Last week Gary Palmer gave us an article on how great batsman play. This week he looks at the common mistakes seen in lesser players.
Great batsmen are technically excellent.
The correct technique means that batting is made easier and the process of development is speeded up. In other words; you will maximize your potential and enjoy improved performances.
But you can't do that if you let technical flaws creep in. Good bowlers in helpful conditions will always find you out. That means you need an eye for perfection.
Video yourself batting and look for these flaws in your game. If you are serious about becoming a better batter (or coach of batters) you will iron them out fast.
1. Closing off in the stance
When setting up, a player can get too side on because the front shoulder is too far round. This causes him or her to tip to the off side and play around the front pad to straight balls. The obvious result is being LBW or bowled.
This also means it's difficult to play in the V. Players who are closed off tend to only be able to drive through mid off and extra cover, never through mid on or midwicket.
2. Picking the bat up over middle stump
A straight backlift means there is a tendency to play around the front pad with the risk over being LBW or bowled and again finding it difficult to play shots in the V.
3. Tucked in back elbow
Having the elbow of the bottom hand tucked in to the side means the bottom hand can become too dominant in shots. This restricts the 'hitting zone'; the swing of the bat in a straight line through the line of the ball towards the target area, making it more likely to hit across the line or in the air.
4. Head behind the front foot
When driving on the front foot, the head behind front foot encourages you to lean back and hit the ball in the air.
Hitting the ball under the eyes level with the front foot this makes you rush the shot with the feeling of being yorked. Trying to hit the ball into the ground is a technique that encourages the above fault and I would strongly advise against it.
5. Back foot heel down
You hear the term 'firm base' but I don’t think coaches and players understand it fully. Firm base doesn't mean keep your heel stuck to the floor so that your reach is restricted and you can't lean in to the shot as much as you could.
You can have a firm base with the back heel off the ground. The heel should be raised so the player is poised for the shot. That's more important.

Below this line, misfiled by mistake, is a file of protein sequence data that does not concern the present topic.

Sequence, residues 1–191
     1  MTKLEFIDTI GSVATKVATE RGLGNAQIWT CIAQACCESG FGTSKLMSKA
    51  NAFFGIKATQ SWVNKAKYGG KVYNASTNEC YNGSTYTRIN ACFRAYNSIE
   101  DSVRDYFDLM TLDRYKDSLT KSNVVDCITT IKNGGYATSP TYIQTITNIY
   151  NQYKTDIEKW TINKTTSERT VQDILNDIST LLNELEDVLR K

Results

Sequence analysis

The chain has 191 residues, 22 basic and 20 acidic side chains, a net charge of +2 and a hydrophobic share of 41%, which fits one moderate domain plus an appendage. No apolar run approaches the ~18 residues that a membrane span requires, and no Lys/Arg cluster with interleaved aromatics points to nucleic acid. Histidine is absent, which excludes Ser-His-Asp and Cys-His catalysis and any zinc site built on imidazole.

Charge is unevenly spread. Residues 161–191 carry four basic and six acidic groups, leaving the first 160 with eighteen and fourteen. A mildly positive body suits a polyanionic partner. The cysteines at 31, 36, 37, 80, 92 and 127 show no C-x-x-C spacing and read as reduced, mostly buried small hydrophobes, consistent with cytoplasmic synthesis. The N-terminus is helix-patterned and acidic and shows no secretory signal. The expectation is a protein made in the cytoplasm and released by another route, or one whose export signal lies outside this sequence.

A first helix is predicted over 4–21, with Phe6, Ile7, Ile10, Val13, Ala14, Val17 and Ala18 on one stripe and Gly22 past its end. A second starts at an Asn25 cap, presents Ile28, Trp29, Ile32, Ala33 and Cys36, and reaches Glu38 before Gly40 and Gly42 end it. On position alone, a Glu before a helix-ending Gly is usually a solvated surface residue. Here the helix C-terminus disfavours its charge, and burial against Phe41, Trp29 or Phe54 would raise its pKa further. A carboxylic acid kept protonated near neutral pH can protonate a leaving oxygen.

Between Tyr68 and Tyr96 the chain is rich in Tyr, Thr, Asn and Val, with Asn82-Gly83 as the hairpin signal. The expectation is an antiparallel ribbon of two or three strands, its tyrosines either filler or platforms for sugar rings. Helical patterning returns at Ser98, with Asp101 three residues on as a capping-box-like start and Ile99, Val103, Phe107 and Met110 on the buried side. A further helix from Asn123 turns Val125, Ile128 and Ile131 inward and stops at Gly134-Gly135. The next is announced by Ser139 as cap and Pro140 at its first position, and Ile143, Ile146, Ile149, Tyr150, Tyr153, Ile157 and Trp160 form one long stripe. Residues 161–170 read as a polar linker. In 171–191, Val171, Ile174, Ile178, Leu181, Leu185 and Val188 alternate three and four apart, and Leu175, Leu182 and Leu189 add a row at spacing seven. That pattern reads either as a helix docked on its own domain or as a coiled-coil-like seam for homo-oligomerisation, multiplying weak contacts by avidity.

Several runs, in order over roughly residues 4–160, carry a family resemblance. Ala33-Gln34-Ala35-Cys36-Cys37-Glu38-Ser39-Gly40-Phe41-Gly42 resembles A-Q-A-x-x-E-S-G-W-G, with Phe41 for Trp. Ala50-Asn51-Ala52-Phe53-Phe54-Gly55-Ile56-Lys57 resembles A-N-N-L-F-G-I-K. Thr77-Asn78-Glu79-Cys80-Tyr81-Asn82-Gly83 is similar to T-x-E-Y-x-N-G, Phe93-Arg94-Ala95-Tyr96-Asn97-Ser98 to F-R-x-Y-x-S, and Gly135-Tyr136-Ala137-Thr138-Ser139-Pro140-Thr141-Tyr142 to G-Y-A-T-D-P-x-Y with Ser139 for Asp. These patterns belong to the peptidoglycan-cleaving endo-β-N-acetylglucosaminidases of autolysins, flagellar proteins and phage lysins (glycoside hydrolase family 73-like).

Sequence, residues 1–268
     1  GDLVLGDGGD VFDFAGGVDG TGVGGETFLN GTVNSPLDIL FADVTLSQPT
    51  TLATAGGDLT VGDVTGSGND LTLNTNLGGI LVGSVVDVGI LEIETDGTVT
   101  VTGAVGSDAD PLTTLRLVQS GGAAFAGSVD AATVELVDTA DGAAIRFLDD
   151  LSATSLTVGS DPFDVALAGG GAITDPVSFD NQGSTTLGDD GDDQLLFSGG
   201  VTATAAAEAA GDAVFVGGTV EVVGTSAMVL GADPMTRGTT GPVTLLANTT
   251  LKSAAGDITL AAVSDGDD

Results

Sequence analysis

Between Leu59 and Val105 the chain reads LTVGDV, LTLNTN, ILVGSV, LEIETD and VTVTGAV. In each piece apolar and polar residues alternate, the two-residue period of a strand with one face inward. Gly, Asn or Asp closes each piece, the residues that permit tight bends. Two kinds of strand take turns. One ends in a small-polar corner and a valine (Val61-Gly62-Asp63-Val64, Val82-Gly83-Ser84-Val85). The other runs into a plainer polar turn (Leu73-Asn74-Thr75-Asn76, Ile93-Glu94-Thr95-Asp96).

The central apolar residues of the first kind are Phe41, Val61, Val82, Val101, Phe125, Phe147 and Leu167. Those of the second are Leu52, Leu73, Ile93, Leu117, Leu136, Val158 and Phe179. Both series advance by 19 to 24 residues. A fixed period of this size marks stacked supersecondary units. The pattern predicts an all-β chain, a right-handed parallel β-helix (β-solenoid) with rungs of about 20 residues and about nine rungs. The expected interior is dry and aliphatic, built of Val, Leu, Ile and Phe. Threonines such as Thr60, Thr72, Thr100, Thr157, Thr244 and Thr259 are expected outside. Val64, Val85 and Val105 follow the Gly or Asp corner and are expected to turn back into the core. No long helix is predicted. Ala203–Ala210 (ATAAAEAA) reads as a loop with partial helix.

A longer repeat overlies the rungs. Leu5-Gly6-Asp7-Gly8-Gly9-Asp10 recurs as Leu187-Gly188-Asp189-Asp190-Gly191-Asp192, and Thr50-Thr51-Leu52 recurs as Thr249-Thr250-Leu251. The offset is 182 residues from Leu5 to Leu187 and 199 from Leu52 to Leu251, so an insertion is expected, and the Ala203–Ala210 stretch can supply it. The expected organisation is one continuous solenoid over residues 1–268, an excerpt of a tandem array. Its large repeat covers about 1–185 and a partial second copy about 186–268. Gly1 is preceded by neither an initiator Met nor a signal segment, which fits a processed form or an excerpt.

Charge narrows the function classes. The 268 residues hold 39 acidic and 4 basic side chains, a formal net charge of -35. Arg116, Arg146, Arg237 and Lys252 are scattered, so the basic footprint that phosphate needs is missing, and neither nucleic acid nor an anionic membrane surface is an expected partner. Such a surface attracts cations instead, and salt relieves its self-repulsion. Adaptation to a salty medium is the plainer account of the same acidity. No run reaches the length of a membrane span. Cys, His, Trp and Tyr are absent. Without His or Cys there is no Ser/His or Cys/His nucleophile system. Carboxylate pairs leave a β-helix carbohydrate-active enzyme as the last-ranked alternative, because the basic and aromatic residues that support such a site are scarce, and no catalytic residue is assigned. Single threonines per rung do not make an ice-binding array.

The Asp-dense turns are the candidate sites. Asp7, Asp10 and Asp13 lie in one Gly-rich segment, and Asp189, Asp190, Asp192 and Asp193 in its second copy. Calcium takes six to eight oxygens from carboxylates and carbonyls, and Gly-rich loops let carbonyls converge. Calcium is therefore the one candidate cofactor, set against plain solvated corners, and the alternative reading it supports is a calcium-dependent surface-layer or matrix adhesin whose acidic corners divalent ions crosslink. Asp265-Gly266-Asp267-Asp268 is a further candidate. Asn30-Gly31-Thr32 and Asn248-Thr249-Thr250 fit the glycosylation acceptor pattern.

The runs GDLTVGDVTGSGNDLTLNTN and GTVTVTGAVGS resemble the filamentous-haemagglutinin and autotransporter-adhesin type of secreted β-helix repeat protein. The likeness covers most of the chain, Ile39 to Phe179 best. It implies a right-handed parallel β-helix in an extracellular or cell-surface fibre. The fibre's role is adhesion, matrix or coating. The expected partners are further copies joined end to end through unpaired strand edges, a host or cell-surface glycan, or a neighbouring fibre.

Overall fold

6. Leaning with the shoulder
When driving, players often turn the shoulder directly towards the ball instead of leading with the head. This means the head leans to the off side leaving the player blocked off. This causes poor balance so players tip to the off side for all drives and defensive shots. This means play around their front pad to straight balls. Bowled and LBW are not far away.
7. Back foot too sideways
When driving straight or through the on side the back foot stays too sideways which causes the players to lean slightly towards the off side. This restricts a players reach reducing the the number of deliveries that can be driven, missing out especially on leg stump half vollies.
If the back foot is too sideways prior to the drive then it tends to finish up too turned in after the shot which causes the player to square up and the bat swings across the line.
Remember point the feet prior to hitting the ball, hold the shape and swing the bat in a straight line to the ball with good balance and alignment.
8. Too big a stride
When on driving, too big a stride makes it difficult to open up and hit with the swing or turn when the ball is moving in.
A big stride also means putting front foot wider than the line of leg stump. This opens the batsman up too much, playing across the ball aiming it too square on the leg side.
Planting the foot down leg stump allows you to swing the bat down the line of the ball for longer which is much more effective.
9. Dropping the leading elbow
Dropping the leading elbow to early after striking the ball will close face of the bat on contact. If the full face is not presented to the ball it is much harder to middle it and much easier to get bowled through the gate.
10. Swinging too hard
You hear the terms 'bat speed' and 'quick hands' a lot. These two comments are counter-productive for straight batted drives as the technique deteriorates and timing is lost. Quick hands are more for the hook, cut and pull where it is important to swing the bat quickly.
If you would like to know how to correct these errors, check out Gary Palmer's online coaching course How To Play the Perfect On, Off and Straight Drive on PitchVision Academy.
image credit: David Surtees